I spent two columns (In the Balance, and More Restore) last year talking about an interesting Extended archetype that approaches the game from a very unique angle. A lot has changed since last year. The recent Extended rotation changed the archetypes available. The banning of Hypergenesis has made powerful combos a lot harder to accomplish properly. I've always been a Johnny, though—I just can't help myself if there's an exploitable combo.
Restore Balance takes one of the most powerful cards in the history of Magic—Balance—and attaches a huge drawback. Suspend 6 is a lot. So much so, that successfully resolving the spell through cascade, in a deck that is built to abuse it, is almost impossible.
Luckily, cascade gives us a way to cheat Restore Balance onto the stack. Here's the plan: I want to develop a board with a lot of artifacts and empty my hand as quickly as possible. I wait until the last turn before my opponent is likely to kill me and cast any spell with cascade. Restore Balance is the only spell with a converted mana cost less than three, so I'm guaranteed to hit it. My opponent's board will be whittled away to nothing and they will be forced to discard at least the majority of their hand. Once this has been accomplished I can clean up the game with a Greater Gargadon or Tezzeret the Seeker.
Lets take a look at the cards available after the rotation:
The Borderposts are essential to this decks function. They ignore Restore Balance and have a converted mana cost of three. Playing with a healthy number of Borderposts will ensure that I always have a few copies to develop my board.
The three-mana cascade spells are essential pieces in a deck like this. I want to play as many as I can in an effort to maximize my chances of drawing at least one copy. Remember, if I don't draw a three-mana cascade spell then my deck doesn't function. Playing the full twelve may seem a little overboard, but maximizing the efficacy of the list is very important, especially when trying a new archetype.
My old version used March of the Machines and Totems to end the game, but the availability of Tezzeret the Seeker and Greater Gargadon have increased dramatically since last year. I wouldn't have been so bold as to include cards so sought after in a Building on a Budget column last year, but the ease at which these cards can be traded for now makes them far more accessible to my reader-base.
Coalition Relic is a card I must have just missed the last time around. This card is superior to Darksteel Ingot in every way and, coincidentally, it's still legal in a post-rotation Extended. As a side note, this is one of my favorite cards in Cube draft!
Rift Bolt is an excellent anti-creature measure here. Its converted mana cost is three, so it won't hinder our ability to combo.
Lets take a look at the list for the new Extended.
The sideboard is pretty tough for a deck like this. An obvious problem is counterspells. Fortunately there are a few options available to us in our war against control decks. First, we have Ricochet Trap. The trap seems like the best card available against most decks with counter-magic, unfortunately, our deck is still very weak to Spellstutter Sprite. I haven't tested it out yet, but a combination of Volcanic Fallout and Ricochet Trap seems like it could be enough to force our combo through against a Faeries player, if we play tight. I still worry about cards like Ancient Grudge being used to attack our mana. Simian Spirit Guide is a very good way to combat these types of post-sideboard plans. Trespasser il-Vec is another very well-placed tool against aggressive decks that lack counter-magic. I like playing the Trespasser and using him to trade with another creature. After I declare my blocks I discard my whole hand except the cascade spell. When I cast the cascade spell the next turn, I get to leave my opponent without permanents or cards in hand. It's a pretty nice feeling.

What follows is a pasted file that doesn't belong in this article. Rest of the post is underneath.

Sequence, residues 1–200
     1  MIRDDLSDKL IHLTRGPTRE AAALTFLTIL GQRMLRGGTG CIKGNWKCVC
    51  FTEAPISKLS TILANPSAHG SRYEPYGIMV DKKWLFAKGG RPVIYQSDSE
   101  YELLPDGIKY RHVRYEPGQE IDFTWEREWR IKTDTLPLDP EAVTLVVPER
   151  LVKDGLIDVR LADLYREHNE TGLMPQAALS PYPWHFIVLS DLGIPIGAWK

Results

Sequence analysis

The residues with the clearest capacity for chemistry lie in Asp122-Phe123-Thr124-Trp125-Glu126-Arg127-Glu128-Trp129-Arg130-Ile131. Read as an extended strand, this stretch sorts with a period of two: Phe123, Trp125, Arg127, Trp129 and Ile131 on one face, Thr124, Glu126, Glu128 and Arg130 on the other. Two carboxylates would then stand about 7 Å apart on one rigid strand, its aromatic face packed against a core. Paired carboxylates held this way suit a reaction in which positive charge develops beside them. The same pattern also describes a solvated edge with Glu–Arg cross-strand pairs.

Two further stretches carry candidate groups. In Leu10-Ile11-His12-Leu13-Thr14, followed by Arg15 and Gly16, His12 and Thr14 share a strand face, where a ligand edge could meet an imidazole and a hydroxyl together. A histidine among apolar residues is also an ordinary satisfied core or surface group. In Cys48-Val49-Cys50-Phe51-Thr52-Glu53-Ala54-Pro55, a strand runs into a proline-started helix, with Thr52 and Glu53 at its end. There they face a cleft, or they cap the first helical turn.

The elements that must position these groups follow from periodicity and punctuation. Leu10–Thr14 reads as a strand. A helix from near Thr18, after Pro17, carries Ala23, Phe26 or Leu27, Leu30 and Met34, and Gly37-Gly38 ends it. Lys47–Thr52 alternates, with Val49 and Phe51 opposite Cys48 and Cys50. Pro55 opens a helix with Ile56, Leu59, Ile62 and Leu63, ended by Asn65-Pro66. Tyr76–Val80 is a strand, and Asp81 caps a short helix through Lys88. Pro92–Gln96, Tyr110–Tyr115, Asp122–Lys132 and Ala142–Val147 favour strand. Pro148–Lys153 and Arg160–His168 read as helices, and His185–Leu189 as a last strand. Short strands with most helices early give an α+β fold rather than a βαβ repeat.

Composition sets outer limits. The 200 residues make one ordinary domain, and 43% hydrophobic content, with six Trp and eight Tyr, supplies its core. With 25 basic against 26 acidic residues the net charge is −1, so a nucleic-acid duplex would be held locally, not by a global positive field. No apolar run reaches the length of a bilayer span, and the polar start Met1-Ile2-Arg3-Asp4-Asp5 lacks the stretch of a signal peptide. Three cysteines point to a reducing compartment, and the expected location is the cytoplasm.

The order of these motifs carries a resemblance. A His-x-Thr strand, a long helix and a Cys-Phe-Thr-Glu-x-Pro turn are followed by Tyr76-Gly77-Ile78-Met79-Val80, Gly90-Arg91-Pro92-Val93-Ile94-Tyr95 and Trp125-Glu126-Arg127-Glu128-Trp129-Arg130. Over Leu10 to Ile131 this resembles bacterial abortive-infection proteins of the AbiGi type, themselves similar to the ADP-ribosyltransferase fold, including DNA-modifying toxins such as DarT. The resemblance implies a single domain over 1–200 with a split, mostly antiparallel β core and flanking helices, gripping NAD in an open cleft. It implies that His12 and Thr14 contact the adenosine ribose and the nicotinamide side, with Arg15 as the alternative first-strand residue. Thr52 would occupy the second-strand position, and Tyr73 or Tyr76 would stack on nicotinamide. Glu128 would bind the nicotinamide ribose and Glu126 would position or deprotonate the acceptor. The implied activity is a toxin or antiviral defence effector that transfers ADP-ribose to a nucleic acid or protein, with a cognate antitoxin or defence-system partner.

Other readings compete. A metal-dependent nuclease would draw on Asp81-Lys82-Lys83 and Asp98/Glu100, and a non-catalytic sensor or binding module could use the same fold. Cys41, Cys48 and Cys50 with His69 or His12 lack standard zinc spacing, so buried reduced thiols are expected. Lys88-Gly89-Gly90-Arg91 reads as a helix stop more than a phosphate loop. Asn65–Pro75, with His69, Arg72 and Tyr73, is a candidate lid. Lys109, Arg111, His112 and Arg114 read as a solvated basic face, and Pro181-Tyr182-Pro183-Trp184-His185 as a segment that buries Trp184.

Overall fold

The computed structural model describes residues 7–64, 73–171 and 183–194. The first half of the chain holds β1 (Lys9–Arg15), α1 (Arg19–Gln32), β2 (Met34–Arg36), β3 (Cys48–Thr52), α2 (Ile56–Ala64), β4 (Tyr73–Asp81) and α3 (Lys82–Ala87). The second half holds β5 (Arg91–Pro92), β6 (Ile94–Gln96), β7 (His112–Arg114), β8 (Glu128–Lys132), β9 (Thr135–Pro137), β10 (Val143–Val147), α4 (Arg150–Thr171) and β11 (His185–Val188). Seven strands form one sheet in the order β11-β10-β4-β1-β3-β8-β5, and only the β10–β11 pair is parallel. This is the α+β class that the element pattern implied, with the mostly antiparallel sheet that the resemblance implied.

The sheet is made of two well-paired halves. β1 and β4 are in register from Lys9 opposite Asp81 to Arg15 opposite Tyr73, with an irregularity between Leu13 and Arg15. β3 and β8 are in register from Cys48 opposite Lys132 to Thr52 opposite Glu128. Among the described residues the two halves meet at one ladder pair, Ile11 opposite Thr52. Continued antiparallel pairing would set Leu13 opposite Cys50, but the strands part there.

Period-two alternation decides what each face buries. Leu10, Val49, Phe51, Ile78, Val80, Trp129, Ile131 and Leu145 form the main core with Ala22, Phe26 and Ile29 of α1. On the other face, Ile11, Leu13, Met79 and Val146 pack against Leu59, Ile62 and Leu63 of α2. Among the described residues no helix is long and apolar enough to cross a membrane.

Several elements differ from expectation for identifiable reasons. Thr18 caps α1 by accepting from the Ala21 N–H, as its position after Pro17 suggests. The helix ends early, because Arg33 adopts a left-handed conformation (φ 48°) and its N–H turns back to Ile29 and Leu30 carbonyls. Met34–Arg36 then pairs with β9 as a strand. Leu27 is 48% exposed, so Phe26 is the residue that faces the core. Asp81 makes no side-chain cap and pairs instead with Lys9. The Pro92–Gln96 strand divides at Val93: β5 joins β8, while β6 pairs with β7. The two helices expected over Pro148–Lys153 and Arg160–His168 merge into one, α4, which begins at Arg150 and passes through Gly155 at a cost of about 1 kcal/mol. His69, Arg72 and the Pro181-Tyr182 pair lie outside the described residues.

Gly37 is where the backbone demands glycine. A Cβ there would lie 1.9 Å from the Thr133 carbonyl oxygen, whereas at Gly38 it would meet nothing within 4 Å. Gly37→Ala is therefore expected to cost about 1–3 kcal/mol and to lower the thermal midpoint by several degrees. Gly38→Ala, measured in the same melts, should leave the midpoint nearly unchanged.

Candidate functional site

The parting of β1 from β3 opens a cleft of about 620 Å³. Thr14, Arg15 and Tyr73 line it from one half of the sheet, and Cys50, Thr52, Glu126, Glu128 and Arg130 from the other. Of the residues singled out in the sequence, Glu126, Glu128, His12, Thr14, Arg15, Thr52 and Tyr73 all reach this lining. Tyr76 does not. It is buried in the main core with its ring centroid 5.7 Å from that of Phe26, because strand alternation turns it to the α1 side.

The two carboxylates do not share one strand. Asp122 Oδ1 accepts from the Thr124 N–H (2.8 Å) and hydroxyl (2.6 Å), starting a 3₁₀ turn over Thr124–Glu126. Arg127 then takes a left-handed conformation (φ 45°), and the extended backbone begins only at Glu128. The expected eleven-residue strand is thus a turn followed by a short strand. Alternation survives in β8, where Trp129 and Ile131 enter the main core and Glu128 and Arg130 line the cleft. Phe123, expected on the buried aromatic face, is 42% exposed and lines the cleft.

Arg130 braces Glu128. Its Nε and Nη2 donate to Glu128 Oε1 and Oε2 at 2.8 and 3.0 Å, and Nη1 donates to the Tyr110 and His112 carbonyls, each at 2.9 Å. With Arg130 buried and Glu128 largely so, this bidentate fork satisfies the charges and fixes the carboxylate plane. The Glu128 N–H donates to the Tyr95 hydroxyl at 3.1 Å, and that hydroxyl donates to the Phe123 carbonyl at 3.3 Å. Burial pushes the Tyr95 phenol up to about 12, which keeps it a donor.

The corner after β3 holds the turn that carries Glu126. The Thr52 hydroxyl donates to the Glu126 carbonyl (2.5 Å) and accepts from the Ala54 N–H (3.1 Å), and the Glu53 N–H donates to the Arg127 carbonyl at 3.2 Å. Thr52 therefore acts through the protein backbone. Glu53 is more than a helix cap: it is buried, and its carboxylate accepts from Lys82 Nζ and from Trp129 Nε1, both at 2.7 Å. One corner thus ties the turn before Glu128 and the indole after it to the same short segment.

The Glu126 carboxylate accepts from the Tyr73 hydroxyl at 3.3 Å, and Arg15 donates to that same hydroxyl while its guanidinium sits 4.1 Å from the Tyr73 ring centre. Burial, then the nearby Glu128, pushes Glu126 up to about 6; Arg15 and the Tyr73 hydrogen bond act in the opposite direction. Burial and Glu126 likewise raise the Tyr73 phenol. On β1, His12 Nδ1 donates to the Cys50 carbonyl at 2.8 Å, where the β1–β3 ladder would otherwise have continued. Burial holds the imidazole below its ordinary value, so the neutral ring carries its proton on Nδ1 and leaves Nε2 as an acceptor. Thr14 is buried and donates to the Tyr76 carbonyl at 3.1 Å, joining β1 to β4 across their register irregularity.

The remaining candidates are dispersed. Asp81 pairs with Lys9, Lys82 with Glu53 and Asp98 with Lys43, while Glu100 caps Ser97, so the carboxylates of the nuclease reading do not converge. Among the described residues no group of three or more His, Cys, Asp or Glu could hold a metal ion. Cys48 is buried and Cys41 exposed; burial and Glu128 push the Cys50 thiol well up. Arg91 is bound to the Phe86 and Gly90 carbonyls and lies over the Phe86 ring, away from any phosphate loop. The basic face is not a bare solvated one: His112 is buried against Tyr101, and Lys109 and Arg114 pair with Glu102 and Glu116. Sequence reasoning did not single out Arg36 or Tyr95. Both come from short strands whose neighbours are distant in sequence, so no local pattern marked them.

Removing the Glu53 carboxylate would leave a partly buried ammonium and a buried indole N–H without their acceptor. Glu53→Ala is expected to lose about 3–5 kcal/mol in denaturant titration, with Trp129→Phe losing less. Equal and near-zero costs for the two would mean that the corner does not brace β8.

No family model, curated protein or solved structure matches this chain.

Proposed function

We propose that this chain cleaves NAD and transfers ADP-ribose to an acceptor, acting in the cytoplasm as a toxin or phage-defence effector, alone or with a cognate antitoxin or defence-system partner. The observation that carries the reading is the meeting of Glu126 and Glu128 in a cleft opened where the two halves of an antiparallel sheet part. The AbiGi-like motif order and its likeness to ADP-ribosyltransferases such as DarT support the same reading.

Here's the sideboard I'd play with.
I played a few matches with the deck to see how things went.
I lost the roll and picked up Island, Mountain, Fieldmist Borderpost, Mistvein Borderpost, Coalition Relic, Coalition Relic, Violent Outburst. My opponent played a Raging Ravine and passed the turn. I drew a Greater Gargadon, play my Mountain, cast Mistvein Borderpost, and passed the turn. My opponent played a Misty Rainforest, popped it for an Island, suspended an Ancestral Vision, and passed the turn back. I drew a Firewild Borderpost and played my Mountain. I suspended Greater Gargadon, then cast Firewild Borderpost, and passed the turn. My opponent played a Flooded Grove and passed the turn. I drew another Violent Outburst and my opponent cast a Vendilion Clique during my draw step. My opponent wasn't sure what was going on and he took one of the Violent Outbursts. I drew a Rift Bolt. I played my Mountain again and cast Coalition Relic, I suspended my Rift Bolt and passed the turn. My opponent cast a Bloodbraid Elf and flipped into an Ancestral Vision. He attacked for 6 and passed the turn.